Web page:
• It helps optimize exercise – Inhaling wintergreen oil before any physical activity can help boost stamina and endurance. Its ability to aid in respiratory capacity along with its fatigue-fighting action makes it an ideal rub to accompany any workout session. It can also be helpful post-exercise since it promotes circulation and eases any muscle or joint pains. Inhale some of the oil through a personal inhaler before a workout session, or rub some on your neck and upper back. After intense physical activity, use it as a massage to wind down and ease any cramping or soreness.
  • It can relieve stress and tension – After an exhausting day, wintergreen oil can be your go-to for clearing out mental tension. In aromatherapy, wintergreen oil is said to assist in letting go and surrendering control, which may come in handy when all you want to do is forget about any work-related stress. Dab some diluted wintergreen oil on your temples and massage in a circular or upward motion.
  • It helps promote oral hygiene – Because of its ability to kill odor-causing bacteria, wintergreen oil can be used in oral hygiene products like mouthwashes or toothpastes. You can add a few drops to homemade or commercial toothpastes and mouthwashes. Its minty scent also makes for a great breath freshener! To make a DIY gargle, simply add two drops of wintergreen oil to a glass of water and mix. Gargle and swish around in your mouth for about 30 seconds.

Things to keep in mind when using wintergreen oil

As we mentioned above, wintergreen oil is much preferable to synthetically-made methyl salicylate because it is less toxic. There are still some precautions to be taken, however, because its methyl salicylate content is still toxic in certain doses, especially because its action is very similar to aspirin.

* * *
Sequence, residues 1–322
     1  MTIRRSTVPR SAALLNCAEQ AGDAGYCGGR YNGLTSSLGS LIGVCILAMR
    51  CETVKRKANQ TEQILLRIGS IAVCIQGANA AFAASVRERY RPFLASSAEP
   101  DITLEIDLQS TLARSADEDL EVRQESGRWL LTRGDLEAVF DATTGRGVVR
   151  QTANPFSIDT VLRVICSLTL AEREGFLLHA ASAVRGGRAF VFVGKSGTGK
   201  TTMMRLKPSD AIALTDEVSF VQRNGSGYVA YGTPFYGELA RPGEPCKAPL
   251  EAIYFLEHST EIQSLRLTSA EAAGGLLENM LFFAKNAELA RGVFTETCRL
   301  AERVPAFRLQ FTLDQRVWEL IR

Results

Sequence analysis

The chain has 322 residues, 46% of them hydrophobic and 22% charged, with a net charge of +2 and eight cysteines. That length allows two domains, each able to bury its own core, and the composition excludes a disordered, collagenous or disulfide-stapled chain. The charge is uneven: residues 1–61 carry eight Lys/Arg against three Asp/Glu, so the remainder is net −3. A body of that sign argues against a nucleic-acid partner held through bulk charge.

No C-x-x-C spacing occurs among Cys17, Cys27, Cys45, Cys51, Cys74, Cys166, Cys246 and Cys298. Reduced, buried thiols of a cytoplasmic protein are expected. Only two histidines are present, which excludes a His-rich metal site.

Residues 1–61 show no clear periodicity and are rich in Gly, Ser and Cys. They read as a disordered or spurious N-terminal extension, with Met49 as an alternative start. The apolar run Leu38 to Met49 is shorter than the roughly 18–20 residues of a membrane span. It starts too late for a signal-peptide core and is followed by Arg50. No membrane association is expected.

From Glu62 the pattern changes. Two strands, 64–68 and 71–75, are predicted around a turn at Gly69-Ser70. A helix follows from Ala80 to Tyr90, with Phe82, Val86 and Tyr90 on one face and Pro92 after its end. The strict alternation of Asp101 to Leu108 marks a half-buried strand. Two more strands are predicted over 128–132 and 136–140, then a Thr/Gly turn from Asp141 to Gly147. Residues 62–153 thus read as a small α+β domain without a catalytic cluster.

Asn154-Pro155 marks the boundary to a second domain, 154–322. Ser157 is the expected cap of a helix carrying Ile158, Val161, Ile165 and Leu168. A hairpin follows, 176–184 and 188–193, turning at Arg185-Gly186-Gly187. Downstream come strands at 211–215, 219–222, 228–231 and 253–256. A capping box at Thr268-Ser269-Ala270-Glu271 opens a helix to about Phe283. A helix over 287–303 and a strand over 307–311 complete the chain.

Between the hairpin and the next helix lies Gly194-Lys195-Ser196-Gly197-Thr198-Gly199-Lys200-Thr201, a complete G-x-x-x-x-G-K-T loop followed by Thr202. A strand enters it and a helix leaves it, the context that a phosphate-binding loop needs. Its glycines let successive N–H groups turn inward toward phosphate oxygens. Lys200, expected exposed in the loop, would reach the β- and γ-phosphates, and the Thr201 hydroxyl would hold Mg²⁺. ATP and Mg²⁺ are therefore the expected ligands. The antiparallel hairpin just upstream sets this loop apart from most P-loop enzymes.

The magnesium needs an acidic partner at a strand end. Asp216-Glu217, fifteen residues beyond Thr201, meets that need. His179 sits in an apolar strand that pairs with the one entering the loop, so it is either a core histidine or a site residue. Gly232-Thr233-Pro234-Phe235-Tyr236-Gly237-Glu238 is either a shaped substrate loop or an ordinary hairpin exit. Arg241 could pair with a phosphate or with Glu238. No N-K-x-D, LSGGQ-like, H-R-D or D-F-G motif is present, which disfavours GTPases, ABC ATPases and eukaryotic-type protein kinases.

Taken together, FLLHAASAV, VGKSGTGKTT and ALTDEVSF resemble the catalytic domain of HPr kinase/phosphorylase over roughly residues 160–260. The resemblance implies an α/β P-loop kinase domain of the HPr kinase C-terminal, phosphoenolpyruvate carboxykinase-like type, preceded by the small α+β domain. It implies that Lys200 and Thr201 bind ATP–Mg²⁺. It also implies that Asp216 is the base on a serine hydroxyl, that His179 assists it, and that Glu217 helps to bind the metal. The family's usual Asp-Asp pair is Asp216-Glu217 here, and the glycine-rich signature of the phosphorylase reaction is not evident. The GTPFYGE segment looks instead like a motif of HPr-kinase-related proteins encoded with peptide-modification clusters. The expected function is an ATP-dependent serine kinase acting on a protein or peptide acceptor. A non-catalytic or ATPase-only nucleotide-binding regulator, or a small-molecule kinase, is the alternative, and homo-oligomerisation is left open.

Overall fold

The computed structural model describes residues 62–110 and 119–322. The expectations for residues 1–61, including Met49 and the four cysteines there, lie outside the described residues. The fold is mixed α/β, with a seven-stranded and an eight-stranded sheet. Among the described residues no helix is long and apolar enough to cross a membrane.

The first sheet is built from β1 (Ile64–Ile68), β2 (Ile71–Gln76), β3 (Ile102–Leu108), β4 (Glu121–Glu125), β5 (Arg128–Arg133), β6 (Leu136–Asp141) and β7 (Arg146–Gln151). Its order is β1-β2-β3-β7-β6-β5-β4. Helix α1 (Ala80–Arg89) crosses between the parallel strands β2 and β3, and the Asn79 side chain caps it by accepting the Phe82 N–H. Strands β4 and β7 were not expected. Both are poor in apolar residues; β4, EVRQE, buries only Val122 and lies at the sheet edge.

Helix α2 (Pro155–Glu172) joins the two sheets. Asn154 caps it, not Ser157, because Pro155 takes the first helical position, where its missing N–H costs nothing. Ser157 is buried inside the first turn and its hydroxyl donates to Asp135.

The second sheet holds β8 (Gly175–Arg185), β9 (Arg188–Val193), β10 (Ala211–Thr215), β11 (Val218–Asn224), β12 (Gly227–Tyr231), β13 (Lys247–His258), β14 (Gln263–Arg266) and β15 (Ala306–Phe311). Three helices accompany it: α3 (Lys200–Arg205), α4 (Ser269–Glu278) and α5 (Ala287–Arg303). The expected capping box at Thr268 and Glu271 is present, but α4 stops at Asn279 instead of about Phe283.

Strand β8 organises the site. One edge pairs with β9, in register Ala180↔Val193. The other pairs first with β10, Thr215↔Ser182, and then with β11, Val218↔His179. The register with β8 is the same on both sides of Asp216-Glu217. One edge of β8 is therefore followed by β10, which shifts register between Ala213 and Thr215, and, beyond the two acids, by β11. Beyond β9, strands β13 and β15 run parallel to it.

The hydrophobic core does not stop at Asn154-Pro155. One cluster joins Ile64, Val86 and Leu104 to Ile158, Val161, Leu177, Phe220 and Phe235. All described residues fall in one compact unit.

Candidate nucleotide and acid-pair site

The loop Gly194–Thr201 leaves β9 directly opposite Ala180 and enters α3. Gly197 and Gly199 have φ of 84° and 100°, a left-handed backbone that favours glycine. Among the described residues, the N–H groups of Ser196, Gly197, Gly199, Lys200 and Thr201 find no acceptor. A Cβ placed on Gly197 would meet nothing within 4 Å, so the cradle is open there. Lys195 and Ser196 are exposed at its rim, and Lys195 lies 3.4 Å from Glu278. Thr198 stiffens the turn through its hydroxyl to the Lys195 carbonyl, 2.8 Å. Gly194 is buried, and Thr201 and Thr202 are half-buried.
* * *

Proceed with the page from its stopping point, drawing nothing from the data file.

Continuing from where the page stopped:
One thing to remember is that wintergreen oil should not be taken undiluted via any route. Its high methyl salicylate content can irritate both external and internal tissues. It may cause blisters, stings, and rashes when applied to the skin undiluted.

Large amounts of wintergreen leaf or even small amounts of the undiluted oil taken by mouth can cause adverse effects like tinnitus or ringing in the ears, stomach pain, diarrhea, vomiting, nausea, and confusion. Orally ingested amounts of the oil in more than 2 ml can cause severe harm. This may include serious damage to the kidneys and liver. Just 4-5 ml (a teaspoon) is equivalent to about 21 adult aspirin tablets, and can be fatal to a child when ingested. About 30 ml (2 tablespoons) can be fatal to adults.

Always do a skin patch test to check for allergies before using this oil. Do not apply onto or near the eyes, nose and ears. Avoid application to children under two, even in dilute form. Make sure that this essential oil is stored safely out of children’s reach, as its pleasant smell is easy to mistake for food or candy.

People who have a history of seizures or are allergic to aspirin should avoid using the oil. The same goes for those with asthma and nasal polyps, as these people may be more sensitive to its scent. Pregnant women should also avoid using this oil, along with any other products containing methyl salicylate, salicylic acid, or aspirin, since all salicylates can harm the developing fetus when used in certain amounts. Also, people who are on blood-thinning medications should avoid using this oil. Like aspirin, methyl salicylate has a certain degree of blood-thinning activity, and when used with similar medications, may cause internal bruising and hemorrhage.

Wintergreen oil can be blended with other essential oils to amplify its healing properties. Oils that blend well with wintergreen include peppermint, geranium, oregano, lavender, marjoram, lemongrass, vanilla, basil, bergamot, thyme, ylang-ylang, and cypress essential oils. Wintergreen oil can also be substituted with similar-scented oils, such as white fir, cypress, spearmint, and peppermint.

Wintergreen oil application tips and tricks

Need quick ways to get the benefits that wintergreen oil has to offer? Here are some quick tips:

Have a small bottle of dilute wintergreen oil with you at all times. When you feel stressed at work or are simply in need of an emotional or mental lift, place a few drops on your palms and rub together. Cup your hands over your nose and deeply inhale the scent. Exhale slowly and repeat with more breathing cycles until you feel that refreshing mental boost.